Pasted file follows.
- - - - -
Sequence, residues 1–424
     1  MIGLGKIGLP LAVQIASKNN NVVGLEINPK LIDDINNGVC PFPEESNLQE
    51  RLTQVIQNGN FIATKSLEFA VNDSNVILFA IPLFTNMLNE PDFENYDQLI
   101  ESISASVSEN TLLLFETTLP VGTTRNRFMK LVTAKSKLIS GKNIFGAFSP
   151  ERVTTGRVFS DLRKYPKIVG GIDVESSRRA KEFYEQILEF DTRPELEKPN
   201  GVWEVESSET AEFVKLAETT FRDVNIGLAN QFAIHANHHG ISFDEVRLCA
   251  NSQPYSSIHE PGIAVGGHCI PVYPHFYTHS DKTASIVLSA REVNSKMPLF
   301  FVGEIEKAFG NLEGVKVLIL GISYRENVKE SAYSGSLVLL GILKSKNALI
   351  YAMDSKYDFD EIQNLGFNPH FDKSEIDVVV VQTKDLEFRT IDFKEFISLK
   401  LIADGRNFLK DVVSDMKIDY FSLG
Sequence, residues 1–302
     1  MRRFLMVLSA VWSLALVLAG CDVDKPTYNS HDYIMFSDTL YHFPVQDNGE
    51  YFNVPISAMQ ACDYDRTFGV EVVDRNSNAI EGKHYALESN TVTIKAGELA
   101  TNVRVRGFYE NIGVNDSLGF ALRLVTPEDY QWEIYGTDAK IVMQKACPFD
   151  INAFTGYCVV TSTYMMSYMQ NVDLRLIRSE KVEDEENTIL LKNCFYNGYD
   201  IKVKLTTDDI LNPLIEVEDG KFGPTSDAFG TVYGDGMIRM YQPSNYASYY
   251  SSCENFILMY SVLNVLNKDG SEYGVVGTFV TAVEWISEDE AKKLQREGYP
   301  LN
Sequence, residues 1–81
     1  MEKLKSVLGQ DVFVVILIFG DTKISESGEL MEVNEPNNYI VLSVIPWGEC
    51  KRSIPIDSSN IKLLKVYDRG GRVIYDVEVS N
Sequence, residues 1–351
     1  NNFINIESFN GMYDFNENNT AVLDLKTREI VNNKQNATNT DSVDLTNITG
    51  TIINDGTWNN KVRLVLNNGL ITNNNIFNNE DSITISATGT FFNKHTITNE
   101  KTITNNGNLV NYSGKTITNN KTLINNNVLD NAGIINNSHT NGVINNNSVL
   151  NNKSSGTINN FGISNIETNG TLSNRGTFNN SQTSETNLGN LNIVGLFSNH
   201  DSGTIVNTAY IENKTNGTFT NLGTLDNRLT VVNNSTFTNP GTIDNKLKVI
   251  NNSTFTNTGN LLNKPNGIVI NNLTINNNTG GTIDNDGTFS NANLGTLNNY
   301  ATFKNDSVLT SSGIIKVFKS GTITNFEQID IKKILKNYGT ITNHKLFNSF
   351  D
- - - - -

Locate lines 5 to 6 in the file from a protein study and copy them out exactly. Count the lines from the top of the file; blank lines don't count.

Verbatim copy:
   151  ERVTTGRVFS DLRKYPKIVG GIDVESSRRA KEFYEQILEF DTRPELEKPN
   201  GVWEVESSET AEFVKLAETT FRDVNIGLAN QFAIHANHHG ISFDEVRLCA